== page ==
MHA con­sid­ers job “a rare priv­i­lege” to help make a dif­fer­ence

The Compass - - SPORTS -

“If you talk to the coun­cils, re­cre­ation com­mit­tees and con­stituents, I know they’ll give Crys­tal and this of­fice glow­ing ...,” John­son said.

The MHA meets with her as­sis­tant “ev­ery day on ev­ery call that comes in, be­cause when I go out on the week­ends I want to know who called and what their is­sue is.”

Large ru­ral dis­trict

One of the prov­ince’s largest ru­ral dis­tricts, Trin­ity-bay de Verde is made up of some 36 com­mu­ni­ties, in­clud­ing in­cor­po­rated towns, lo­cal ser­vice dis­tricts and to­tally un­in­cor­po­rated ar­eas stretch­ing from New Har­bour on the Trin­ity South shore around the penin­sula to Salmon Cove in Con­cep­tion Bay.

With about 14 mu­nic­i­pal coun­cils in the dis­trict, John­son said, “I try and hit ev­ery coun­cil (meet­ing) at least twice a year.”

As min­is­ter of the Depart­ment of Child, Youth and Fam­ily Ser­vices, she has to jug­gle her cab­i­net du­ties with her re­spon­si­bil­i­ties to con­stituents.

Cab­i­net com­mit­tee meet­ings take up a lot of her time Tues­days through Thurs­days. But ev­ery day she takes time to go over the call log and is­sues with her as­sis­tant.

“I’m one who likes to work faceto-face with my con­stituency as­sis­tant. If it wasn’t work­ing I’d have to look at chang­ing it.”

Where to put an of­fice

When she was a rookie MHA about seven years ago, John­son re­called ex­per­i­ment­ing with what she calls “roam­ing clin­ics.”

For ex­am­ple, she would make her­self avail­able to con­stituents in places like the So­ci­ety of United Fish­er­men (SUF) lodge in Dildo and the Heart’s De­light-is­ling­ton town hall. “We would advertise we would be there a cer­tain day of the month. But not a lot of peo­ple came to the clin­ics.”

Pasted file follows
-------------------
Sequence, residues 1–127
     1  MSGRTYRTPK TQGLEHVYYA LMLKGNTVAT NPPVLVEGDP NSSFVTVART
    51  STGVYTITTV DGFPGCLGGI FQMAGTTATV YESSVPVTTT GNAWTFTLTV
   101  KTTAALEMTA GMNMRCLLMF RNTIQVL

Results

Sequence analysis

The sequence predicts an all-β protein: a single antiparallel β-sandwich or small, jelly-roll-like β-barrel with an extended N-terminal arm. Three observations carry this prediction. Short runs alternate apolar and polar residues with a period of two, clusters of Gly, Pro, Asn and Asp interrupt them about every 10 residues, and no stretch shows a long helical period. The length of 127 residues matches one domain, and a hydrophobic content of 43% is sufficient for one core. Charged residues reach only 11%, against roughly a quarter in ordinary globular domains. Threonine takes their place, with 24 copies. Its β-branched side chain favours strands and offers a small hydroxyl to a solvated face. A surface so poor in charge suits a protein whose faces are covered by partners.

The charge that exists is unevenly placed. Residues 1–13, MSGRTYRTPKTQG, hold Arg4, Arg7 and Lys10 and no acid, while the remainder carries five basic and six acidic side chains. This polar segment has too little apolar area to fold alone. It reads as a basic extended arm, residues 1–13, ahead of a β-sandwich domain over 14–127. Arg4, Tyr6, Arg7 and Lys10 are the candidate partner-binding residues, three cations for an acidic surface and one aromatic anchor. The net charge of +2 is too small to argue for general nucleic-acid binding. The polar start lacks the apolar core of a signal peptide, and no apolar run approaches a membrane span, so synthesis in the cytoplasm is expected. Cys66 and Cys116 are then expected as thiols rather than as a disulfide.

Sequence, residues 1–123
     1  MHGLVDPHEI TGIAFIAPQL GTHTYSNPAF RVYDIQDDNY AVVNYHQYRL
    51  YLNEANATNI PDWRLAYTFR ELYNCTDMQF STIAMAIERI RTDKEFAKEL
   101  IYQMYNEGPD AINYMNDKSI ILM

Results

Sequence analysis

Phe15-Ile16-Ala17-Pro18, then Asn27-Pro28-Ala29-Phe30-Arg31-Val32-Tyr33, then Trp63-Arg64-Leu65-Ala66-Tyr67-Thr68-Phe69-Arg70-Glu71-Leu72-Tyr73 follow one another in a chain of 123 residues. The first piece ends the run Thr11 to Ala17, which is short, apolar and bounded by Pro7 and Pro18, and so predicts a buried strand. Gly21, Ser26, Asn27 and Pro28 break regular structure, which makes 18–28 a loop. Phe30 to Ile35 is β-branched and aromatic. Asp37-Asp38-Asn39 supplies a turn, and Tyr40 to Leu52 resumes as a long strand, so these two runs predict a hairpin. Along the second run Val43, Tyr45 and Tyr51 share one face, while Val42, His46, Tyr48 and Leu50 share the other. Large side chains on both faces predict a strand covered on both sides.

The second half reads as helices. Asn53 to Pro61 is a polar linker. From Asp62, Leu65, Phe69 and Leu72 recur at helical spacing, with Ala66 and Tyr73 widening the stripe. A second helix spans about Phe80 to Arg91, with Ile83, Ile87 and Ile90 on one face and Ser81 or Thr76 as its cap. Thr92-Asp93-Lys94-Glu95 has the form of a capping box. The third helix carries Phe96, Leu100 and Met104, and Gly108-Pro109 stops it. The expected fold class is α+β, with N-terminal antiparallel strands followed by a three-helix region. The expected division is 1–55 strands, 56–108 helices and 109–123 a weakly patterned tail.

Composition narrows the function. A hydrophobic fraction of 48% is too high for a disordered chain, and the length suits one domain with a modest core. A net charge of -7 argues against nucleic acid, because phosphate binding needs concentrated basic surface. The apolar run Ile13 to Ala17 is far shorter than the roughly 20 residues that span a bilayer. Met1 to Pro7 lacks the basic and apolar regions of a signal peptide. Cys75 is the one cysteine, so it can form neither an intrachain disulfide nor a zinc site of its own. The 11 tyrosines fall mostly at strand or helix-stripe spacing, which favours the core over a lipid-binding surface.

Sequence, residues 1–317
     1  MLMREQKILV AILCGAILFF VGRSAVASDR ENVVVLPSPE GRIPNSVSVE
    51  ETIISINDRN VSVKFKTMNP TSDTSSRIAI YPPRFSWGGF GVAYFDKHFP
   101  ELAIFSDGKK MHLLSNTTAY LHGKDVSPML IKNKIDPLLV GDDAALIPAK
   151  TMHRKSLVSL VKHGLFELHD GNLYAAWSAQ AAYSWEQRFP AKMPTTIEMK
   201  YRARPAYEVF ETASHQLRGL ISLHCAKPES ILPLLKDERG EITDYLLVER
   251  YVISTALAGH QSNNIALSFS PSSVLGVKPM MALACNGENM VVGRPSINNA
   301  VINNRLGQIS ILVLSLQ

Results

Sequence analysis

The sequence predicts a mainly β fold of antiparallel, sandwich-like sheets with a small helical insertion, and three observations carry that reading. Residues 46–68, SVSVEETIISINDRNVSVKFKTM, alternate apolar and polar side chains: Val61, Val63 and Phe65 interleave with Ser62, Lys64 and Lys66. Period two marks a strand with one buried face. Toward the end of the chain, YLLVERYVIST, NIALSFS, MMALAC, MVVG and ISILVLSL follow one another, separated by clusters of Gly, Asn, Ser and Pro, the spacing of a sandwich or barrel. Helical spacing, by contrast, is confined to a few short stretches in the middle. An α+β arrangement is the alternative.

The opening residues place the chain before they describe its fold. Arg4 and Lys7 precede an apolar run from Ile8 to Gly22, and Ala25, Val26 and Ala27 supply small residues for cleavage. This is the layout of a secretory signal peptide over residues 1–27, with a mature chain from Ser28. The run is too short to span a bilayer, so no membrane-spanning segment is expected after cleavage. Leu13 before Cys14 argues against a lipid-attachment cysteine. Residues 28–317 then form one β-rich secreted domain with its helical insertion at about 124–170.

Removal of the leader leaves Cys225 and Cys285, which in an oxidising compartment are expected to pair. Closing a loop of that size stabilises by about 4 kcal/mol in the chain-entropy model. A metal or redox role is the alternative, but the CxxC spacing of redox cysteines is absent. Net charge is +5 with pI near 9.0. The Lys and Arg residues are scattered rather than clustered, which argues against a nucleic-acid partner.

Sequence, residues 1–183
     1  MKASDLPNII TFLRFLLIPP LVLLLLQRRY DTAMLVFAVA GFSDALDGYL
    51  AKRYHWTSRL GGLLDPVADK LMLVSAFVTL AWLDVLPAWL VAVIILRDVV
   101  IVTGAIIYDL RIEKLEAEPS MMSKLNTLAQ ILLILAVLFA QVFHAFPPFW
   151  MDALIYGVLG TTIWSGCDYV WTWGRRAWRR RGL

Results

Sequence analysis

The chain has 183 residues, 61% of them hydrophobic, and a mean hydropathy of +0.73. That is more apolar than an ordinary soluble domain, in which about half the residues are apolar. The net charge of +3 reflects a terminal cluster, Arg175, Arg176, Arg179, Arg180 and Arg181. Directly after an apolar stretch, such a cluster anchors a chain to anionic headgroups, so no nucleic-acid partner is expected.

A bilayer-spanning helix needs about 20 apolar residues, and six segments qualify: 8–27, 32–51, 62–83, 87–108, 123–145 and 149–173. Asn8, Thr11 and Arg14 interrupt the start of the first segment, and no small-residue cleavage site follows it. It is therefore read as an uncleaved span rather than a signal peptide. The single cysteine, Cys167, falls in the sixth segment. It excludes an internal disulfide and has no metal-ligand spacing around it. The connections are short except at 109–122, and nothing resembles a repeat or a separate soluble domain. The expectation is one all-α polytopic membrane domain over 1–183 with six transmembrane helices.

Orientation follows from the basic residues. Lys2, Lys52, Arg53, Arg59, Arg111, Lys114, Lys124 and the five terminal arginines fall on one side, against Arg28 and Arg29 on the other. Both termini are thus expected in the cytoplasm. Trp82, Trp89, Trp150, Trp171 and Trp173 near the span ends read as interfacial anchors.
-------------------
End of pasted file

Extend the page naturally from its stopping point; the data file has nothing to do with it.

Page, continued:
The MHA saud, “it’s some­thing we’re go­ing to look at again, and maybe advertise it a bit more.”

As for hang­ing out a shin­gle in the dis­trict, the MHA said, “I’m not say­ing I wouldn’t go there, but to be re­al­is­tic, if I did do it, I’d have to give some se­ri­ous thought as to where I’d put it.

“As you know, if I put it on the North Shore, peo­ple from Trin­ity Bay don’t of­ten come over to the North Shore, and peo­ple on the shore don’t of­ten go to Trin­ity Bay. In re­al­ity, they’re in St. John’s more than on the other side of the bay.”

Hav­ing given the best lo­ca­tion for a con­stituency of­fice some thought, John­son ob­serves, “ev­ery­one goes to Car­bon­ear — that would make sense, but then that’s still not in my dis­trict. It’s not about what works for me, it’s about what works for the con­stituents.”

In terms of rep­re­sen­ta­tion and at­tend­ing events, John­son states: “I guess the best ones to an­swer that would be groups who in­vite me. But I think it’s fair to say they would give me a pass­ing grade in that area. We’re steady on the go.

“It’s a jug­gle when you’re a min­is­ter, too. It’s a rare priv­i­lege to be a min­is­ter in gov­ern­ment and to be able to make a dif­fer­ence. I love both be­ing MHA and min­is­ter, es­pe­cially in this depart­ment. It plays at the heart­strings a lot, and there are a lot of chal­lenges in the depart­ment, but ev­ery chal­lenge is an op­por­tu­nity to make it bet­ter in chil­drens’ lives. I re­ally en­joy be­ing here,” John­son said.

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